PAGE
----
The commentators attempt to identify this unstated fear. Rashi, quoting Chazal, states that Yaakov's distress came about because he had to leave Eretz Yisrael. The Radak, the Seforno, and the Abrabanel develop this answer. Both the Radak and the Seforno suggests that the reason that Yaakov prayed "to the God of his father Yitzchak" was because Hashem had commanded Yitzchak, in the time of famine, "Do not go down to Egypt." This approach also appears in the Abrabanel, whose words we summarize as follows:
had been offered as a sacrifice [at the akeida], and his spiritual
qualities were bound specifically to Eretz Yisrael. Earlier, when Yaakov had gone forth from
Abrabanel develops his understanding of this fear based on Hashem's
response. He suggests that Yaakov
feared four things upon leaving Eretz Yisrael: (a) His descendants might be eradicated
other commentators, however, see other rationales for Yaakov's fears, based on
their thematic understanding of the significance of going down to
Yaakov [switched] to shelamim (peace-offerings) from olot (burnt offerings) in order to make peace with the world's attributes, for he had seen that the great exile would begin with him
After Hashem told him, "Your name shall no longer be called Yaakov, but Yisrael shall be your name," it would have been fitting for Hashem to have called him by that new distinguished name But he called him "Yaakov, Yaakov" to hint [to Yaakov] that he would no longer be able to strive with the Divine and overcome rather, he would have to remaining the house of bondage until [Hashem] would bring him up, for now the exile would begin with him.
What the Ramban suggests is stated more simply by the Chizkuni:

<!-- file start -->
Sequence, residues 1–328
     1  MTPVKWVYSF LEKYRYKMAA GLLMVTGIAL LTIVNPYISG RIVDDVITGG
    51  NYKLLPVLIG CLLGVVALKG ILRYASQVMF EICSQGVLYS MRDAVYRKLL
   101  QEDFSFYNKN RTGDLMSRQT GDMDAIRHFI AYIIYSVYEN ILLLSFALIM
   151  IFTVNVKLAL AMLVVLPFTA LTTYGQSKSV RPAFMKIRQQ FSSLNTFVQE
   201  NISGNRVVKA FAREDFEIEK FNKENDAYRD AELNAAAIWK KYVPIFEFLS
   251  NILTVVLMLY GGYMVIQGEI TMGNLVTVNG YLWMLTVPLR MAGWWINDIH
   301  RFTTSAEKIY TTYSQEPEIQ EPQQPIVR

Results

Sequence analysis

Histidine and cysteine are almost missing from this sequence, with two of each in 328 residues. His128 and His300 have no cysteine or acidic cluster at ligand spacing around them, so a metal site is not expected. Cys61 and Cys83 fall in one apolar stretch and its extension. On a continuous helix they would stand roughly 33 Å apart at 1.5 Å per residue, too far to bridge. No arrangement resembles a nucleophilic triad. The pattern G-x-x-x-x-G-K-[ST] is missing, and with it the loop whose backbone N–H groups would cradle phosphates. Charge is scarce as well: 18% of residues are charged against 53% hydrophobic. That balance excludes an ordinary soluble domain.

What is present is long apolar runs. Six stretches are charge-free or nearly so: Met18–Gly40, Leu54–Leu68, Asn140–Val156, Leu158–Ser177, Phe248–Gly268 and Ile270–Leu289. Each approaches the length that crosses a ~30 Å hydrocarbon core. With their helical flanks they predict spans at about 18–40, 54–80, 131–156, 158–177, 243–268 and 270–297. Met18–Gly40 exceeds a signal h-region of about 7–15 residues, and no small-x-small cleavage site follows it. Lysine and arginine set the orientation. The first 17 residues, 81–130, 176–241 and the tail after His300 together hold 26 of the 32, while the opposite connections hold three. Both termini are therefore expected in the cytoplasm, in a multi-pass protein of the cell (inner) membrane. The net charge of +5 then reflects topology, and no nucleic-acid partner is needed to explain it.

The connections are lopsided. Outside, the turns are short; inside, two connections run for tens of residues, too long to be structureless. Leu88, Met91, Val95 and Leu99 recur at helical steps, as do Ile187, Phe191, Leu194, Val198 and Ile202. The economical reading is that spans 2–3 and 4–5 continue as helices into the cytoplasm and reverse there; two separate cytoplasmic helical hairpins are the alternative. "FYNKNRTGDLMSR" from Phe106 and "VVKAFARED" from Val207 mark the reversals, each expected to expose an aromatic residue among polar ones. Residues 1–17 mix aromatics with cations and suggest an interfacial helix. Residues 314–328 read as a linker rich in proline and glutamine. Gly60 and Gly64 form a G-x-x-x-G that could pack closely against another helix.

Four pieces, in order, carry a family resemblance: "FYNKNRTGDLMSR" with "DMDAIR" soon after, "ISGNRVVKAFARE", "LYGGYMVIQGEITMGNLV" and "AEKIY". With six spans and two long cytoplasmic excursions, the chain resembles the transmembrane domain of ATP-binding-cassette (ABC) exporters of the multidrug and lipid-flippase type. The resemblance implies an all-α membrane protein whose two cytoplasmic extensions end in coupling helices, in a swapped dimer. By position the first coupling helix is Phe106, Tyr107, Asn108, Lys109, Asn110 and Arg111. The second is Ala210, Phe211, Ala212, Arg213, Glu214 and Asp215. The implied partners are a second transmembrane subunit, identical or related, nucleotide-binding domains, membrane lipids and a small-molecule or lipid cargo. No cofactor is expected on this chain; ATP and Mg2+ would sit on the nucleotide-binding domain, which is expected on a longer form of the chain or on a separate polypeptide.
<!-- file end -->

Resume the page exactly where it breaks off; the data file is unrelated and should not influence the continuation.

Yaakov was fearful, and said, "Now that I am descending to
C. YAAKOV'S HISTORICAL AWARENESS
Looking at the encounter given the background outlined by the Ramban and the Chizkuni above, we can suggest the following understanding of what underlies Yaakov's fears, and the essence of Hashem's response. We must remember that not only is this Hashem's first communication in decades, it is also the last recorded Divine speech in Sefer Bereishit. For the next several hundred years, the Jewish People will suffer under the cruel hand of their Egyptian hosts turned taskmasters. The next Divine speech will be to Moshe Rabbeinu at the burning bush, calling on him to set the Jewish People free and using language that echoes our encounter: "Moshe, Moshe!" parallels "Yaakov, Yaakov!," and "Hineni here I am!" parallels Moshe's "Hineni" (Exodus 3).
although the text is clear that Hashem is speaking to Yaakov, he does so
through "the visions of the night," and does not do so immediately when Yaakov
called upon him.
As noted by the Ramban above, He
summons him as "Yaakov," not as Yisrael.
He speaks to him as Yaakov, the old man concerned for his son and fearful
of his fate in
encouraging that Yaakov finds the speech, we the readers find it ambiguous and
layered with dual meanings. Like dreams, only part of the truth is visible to
the recipient. Yaakov's children
will become a great nation but in
 We are reading Yaakov's state of mind backwards, as it were, from Hashem's response to him, based on the presumably sound assumption that Hashem, "who discerns the inner thoughts of man" knows the unspoken fears that bring people to him. For a previous example in Sefer Bereishit, see where Hashem tells Avraham to "fear not" after the war with the four kings and the encounter with the king of Sedom (15:1). The midrashic literature there attempts to identify what precisely bothered Avraham did he lose his share of Divine protection in war, etc.?
 The last recorded
instance of Hashem speaking with Yaakov was at Beit-El, after the return
 I base this suggestion on the Rambam's distinction between dreams and prophecy in Moreh Nevukhim (II:45). Interested readers are also welcome to examine the lengthy Ramban at the beginning of Chapter 46, which challenges this distinction (and, by default, our suggestion).